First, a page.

Jesus was an apocalyptic rabbi who did not believe in family values

January 21, 2016

Jesus was an apocalyptic rabbi who challenged authority and did not believe in family values. He was crucified for challenging authority and did not sacrifice himself to save humans for their sins.

From the Gospel of Thomas*:

Example 1

(55) Jesus said, “Whoever does not hate his father and his mother cannot become a disciple to me. And whoever does not hate his brothers and sisters and take up his cross in my way will not be worthy of me.”

Example 2

Jesus was speaking to a crowd in a public place that had gathered to hear him speak.

(99) The disciples said to him, “Your brothers and your mother are standing outside.”

He said to them, “Those here who do the will of my father are my brothers and my mother. It is they who will enter the kingdom of my father.”

Perhaps you thought he was all about peace?

Example 3

(16) Jesus said, “Men think, perhaps, that it is peace which I have come to cast upon the world. They do not know that it is dissension which I have come to cast upon the earth: fire, sword, and war. For there will be five in a house: three will be against two, and two against three, the father against the son, and the son against the father. And they will stand solitary.”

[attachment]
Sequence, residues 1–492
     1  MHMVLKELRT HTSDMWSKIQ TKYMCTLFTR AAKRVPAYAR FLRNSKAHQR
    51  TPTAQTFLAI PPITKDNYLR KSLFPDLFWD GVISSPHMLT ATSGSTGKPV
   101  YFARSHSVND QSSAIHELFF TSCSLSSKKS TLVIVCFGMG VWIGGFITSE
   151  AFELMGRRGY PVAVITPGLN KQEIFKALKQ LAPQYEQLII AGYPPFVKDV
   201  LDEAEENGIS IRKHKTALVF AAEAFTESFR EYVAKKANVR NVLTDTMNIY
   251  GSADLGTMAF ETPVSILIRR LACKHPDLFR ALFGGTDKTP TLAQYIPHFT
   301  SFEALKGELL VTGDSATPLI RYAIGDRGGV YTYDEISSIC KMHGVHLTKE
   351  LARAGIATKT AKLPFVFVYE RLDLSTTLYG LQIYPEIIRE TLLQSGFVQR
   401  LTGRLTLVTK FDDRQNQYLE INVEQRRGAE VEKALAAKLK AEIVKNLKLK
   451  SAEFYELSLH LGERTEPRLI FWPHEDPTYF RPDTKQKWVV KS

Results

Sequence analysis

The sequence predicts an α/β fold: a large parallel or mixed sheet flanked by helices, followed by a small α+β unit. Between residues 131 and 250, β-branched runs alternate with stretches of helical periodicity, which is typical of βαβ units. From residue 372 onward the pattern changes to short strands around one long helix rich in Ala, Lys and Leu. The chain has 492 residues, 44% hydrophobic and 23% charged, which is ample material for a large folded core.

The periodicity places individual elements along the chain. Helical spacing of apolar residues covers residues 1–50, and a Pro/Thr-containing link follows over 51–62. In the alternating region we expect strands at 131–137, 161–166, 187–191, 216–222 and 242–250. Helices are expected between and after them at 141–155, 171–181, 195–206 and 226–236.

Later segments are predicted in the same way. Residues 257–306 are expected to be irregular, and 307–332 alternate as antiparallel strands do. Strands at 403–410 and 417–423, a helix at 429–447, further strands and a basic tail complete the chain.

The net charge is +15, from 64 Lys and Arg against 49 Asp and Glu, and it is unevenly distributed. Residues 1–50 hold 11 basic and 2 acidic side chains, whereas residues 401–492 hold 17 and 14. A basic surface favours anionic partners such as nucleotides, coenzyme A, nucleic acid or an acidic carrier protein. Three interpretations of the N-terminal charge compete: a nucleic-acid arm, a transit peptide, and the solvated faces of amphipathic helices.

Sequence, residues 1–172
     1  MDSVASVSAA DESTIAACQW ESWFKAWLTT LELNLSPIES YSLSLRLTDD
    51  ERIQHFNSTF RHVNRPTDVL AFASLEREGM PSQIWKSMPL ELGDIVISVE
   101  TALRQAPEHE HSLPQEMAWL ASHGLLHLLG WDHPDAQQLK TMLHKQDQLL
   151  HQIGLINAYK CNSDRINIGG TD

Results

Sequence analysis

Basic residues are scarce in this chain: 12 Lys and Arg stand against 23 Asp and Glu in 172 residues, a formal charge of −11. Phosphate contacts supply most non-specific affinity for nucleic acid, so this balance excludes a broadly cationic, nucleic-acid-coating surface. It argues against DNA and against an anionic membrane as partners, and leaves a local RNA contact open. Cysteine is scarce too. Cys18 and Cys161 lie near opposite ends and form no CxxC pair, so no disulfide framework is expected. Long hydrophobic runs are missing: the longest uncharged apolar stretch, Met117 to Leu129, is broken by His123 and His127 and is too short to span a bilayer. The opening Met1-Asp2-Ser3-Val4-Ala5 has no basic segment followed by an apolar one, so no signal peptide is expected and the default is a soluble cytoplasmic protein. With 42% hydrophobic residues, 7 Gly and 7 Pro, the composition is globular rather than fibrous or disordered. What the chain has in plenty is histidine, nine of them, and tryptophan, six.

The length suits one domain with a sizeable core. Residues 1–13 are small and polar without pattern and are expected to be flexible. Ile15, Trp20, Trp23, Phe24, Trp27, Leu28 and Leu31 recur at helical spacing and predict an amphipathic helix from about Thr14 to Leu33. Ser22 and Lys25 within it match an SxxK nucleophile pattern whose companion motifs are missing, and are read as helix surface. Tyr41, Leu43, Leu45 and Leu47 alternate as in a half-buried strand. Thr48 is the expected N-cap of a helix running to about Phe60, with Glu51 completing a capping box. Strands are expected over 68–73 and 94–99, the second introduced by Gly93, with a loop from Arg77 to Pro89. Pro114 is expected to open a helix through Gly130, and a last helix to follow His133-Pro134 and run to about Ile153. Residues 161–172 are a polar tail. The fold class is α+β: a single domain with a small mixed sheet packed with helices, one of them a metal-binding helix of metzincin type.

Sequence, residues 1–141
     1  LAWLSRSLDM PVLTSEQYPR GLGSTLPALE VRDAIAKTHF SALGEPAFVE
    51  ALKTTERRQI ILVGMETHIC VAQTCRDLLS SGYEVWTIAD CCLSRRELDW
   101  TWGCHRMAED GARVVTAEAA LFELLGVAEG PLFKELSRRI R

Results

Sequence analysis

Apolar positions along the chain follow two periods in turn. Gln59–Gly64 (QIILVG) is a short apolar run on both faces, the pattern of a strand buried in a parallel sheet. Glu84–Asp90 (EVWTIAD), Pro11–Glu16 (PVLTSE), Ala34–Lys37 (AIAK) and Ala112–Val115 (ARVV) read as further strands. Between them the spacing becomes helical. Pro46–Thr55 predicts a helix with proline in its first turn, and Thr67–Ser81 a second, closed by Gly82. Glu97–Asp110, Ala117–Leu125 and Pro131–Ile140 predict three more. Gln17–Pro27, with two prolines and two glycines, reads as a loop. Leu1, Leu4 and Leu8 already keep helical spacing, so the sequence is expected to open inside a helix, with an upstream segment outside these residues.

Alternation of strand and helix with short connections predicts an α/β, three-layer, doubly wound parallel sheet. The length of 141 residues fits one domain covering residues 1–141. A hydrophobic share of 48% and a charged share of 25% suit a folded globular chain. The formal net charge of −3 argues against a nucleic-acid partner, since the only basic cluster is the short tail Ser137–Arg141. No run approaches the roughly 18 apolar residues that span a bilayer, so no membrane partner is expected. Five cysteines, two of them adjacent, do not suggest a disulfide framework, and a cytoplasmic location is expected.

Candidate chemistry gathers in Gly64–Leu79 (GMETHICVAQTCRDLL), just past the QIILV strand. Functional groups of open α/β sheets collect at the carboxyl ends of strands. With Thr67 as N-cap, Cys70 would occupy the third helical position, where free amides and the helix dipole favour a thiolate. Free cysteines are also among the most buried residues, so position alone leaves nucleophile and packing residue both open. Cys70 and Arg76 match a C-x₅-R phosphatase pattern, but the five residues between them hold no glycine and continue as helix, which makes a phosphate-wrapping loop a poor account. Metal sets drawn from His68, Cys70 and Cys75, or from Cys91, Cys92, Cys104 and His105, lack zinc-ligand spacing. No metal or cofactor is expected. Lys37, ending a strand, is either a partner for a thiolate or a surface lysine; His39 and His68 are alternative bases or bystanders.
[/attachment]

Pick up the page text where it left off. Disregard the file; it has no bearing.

Dissension against whom?

Example 4

(63) Jesus said, “There was a rich man who had much money. He said, ‘I shall put my money to use so that I may sow, reap, plant, and fill my storehouse with produce, with the result that I shall lack nothing.’ Such were his intentions, but that same night he died. Let him who has ears hear.”

Example 5

(64) Jesus said, “A man had received visitors. And when he had prepared the dinner, he sent his servant to invite the guests.

He went to the first one and said to him, ‘My master invites you.’ He said, ‘I have claims against some merchants. They are coming to me this evening. I must go and give them my orders. I ask to be excused from the dinner.’

He went to another and said to him, ‘My master has invited you.’ He said to him, ‘I have just bought a house and am required for the day. I shall not have any spare time.’